Browsing by Subject "UNKNOWN PRIMARY"

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  • Frank, Christoph; Sundquist, Jan; Hemminki, Akseli; Hemminki, Kari (2017)
    A family history of cutaneous melanoma ('melanoma') is a well-established risk factor for melanoma. However, less is known about the possible familial associations of melanoma with other discordant cancers. A risk for discordant cancer may provide useful information about shared genetic and environmental risk factors and it may be relevant background data in clinical genetic counseling. Using the Swedish Family-Cancer Database, we assessed the relative risk (RR) for any cancer in families with increasing numbers of first-degree relatives diagnosed with melanoma, including multiple melanoma, and in reverse order RR for melanoma in families of multiple discordant cancers. Close to 9% of melanoma was familial; among these 92% were in 2-case families and 8% in families with 3 cases or more. Cancers that were associated with melanoma, in at least two independent analyses, included breast, prostate, colorectal, skin and nervous system cancers. Other associations included cancer of unknown primary, acute myeloid leukemia/myelofibrosis and Waldenstrom macroglobulinemia/myeloma. Significant results, which appear biologically plausible, were also obtained for rare nasal melanoma and mesothelioma. Although small samples sizes and multiple comparisons were of concern, many of the above associations were internally consistent and provide new diverse leads for discordant familial association of melanoma.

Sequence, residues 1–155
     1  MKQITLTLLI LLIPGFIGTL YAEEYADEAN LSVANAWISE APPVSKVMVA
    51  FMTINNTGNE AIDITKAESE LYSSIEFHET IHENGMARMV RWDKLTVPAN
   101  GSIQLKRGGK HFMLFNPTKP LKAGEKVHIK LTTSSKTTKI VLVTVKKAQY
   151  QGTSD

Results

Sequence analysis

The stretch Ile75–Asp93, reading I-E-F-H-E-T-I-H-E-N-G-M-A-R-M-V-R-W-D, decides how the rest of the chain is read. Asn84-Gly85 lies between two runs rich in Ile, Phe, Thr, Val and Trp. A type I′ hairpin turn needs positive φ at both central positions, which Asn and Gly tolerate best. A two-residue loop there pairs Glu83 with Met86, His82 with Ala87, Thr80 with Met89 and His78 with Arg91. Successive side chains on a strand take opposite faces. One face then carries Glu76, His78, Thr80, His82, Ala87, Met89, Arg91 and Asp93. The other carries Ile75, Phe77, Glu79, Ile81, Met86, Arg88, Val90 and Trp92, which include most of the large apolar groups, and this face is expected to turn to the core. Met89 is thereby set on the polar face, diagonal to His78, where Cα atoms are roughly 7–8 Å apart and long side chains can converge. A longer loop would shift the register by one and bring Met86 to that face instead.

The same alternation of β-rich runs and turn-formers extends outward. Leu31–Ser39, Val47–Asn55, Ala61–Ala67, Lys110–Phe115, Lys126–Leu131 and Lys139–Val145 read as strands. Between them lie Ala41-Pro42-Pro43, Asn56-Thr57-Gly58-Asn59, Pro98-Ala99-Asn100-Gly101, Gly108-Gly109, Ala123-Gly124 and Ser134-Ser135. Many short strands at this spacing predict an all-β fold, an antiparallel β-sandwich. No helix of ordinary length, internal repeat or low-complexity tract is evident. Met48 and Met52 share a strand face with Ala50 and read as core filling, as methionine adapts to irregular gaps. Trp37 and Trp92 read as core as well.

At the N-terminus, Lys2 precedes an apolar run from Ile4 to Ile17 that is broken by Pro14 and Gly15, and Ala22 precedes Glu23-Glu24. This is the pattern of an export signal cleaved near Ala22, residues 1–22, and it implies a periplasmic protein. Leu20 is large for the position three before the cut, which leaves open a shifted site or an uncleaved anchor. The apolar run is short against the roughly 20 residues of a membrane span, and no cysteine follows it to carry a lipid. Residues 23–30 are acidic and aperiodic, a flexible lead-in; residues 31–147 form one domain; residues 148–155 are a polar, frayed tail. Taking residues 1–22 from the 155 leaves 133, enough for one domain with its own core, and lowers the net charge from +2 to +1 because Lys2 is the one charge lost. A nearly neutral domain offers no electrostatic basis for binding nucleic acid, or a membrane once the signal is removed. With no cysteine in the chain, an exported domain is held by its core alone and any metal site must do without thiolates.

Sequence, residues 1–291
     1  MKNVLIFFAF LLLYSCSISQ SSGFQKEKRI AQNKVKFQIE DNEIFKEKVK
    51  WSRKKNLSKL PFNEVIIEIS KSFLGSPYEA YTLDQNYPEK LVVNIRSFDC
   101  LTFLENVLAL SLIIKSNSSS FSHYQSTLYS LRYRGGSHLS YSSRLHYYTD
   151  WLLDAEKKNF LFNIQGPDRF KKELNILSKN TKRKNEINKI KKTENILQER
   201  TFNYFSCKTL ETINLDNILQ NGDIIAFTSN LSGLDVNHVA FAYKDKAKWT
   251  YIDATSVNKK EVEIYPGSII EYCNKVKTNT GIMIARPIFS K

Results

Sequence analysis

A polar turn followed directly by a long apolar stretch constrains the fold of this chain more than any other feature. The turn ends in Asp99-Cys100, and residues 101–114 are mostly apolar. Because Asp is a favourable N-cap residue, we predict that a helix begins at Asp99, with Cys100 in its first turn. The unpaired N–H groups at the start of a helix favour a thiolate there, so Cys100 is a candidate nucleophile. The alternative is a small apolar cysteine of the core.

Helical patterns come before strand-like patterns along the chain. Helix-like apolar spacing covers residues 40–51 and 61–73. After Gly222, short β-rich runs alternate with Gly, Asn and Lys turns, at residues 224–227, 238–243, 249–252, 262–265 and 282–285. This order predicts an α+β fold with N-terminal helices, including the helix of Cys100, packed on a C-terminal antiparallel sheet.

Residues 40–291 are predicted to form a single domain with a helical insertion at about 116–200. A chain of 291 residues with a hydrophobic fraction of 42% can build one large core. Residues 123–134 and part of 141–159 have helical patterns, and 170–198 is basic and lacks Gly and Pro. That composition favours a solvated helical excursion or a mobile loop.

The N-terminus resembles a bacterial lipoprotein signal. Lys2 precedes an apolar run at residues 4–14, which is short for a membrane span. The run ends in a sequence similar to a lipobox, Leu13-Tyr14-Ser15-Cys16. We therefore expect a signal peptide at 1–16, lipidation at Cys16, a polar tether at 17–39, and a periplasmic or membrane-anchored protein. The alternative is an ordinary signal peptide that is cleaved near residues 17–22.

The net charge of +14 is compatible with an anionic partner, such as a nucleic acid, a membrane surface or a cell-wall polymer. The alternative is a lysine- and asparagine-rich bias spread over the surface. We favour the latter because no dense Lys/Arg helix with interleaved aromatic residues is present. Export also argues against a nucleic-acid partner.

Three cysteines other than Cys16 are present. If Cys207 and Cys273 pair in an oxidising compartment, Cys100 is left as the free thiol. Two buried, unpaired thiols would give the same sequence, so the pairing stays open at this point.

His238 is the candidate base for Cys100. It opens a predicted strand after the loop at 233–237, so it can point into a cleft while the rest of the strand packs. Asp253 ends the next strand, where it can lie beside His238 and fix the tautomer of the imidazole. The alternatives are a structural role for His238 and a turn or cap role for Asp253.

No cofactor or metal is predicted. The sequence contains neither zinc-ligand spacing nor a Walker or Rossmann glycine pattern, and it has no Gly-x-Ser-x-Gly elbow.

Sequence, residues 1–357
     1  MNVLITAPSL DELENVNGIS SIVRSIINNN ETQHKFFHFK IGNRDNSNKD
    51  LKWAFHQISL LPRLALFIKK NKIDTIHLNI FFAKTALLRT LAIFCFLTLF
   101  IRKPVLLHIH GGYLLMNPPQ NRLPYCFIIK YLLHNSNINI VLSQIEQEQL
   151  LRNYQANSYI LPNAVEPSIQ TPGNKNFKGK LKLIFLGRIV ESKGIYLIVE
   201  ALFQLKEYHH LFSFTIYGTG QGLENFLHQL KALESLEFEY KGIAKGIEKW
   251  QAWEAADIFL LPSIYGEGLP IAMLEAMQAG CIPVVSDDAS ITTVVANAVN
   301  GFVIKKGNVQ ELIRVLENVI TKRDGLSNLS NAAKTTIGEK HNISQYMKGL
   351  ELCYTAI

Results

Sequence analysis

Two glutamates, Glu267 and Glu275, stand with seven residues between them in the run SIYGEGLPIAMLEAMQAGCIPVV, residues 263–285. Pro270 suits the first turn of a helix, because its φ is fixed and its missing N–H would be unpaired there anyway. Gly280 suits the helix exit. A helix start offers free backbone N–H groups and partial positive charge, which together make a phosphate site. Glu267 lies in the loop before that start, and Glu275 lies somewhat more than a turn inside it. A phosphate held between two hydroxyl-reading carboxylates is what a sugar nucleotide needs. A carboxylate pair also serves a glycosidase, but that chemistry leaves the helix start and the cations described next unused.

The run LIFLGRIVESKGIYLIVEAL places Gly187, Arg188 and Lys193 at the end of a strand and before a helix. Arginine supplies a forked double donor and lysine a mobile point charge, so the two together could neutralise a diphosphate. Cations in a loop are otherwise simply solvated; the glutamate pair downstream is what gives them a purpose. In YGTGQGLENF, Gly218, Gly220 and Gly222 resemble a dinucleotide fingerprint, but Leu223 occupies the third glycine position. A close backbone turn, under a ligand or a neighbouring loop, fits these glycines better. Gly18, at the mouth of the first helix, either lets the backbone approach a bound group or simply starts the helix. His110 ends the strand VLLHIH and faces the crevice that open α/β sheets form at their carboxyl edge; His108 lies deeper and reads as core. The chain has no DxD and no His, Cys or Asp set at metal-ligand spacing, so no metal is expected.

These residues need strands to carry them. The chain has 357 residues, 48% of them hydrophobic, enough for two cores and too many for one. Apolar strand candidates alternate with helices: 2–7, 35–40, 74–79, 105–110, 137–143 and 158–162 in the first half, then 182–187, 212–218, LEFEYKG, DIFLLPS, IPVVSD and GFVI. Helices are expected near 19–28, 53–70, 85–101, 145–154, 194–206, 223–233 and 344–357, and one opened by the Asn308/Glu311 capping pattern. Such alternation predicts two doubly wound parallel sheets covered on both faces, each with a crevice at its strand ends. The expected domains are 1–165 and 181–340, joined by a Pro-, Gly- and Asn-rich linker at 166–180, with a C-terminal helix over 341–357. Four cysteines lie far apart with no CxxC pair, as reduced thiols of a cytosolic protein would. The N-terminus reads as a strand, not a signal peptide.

• Mäkitie, Antti A.; Keski-Säntti, Harri; Markkanen-Leppänen, Mari; Bäck, Leif; Koivunen, Petri; Ekberg, Tomas; Sandström, Karl; Laurell, Göran; von Beckerath, Mathias; Nilsson, Johan S.; Wahlberg, Peter; Greiff, Lennart; Spaak, Lena Norberg; Kjaergaard, Thomas; Godballe, Christian; Rikardsen, Oddveig; Channir, Hani Ibrahim; Rubek, Niclas; von Buchwald, Christian (2018)
    Background: The five Nordic countries with a population of 27 M people form a rather homogenous region in terms of health care. The management of head and neck cancer is centralized to the 21 university hospitals in these countries. Our aim was to gain an overview of the volume and role of transoral robotic surgery (TORS) and to evaluate the need to centralize it in this area as the field is rapidly developing. Materials and Methods: A structured questionnaire was sent to all 10 Departments of Otorhinolaryngology-Head and Neck Surgery in the Nordic countries having an active programme for TORS in December 2017. Results: The total cumulative number of performed robotic surgeries at these 10 Nordic centers was 528 and varied between 5 and 240 per center. The median annual number of robotic surgeries was 38 (range, 5-60). The observed number of annually operated cases remained fairly low ( Conclusions: The present results showing a limited volume of performed surgeries call for considerations to further centralize TORS in the Nordic countries.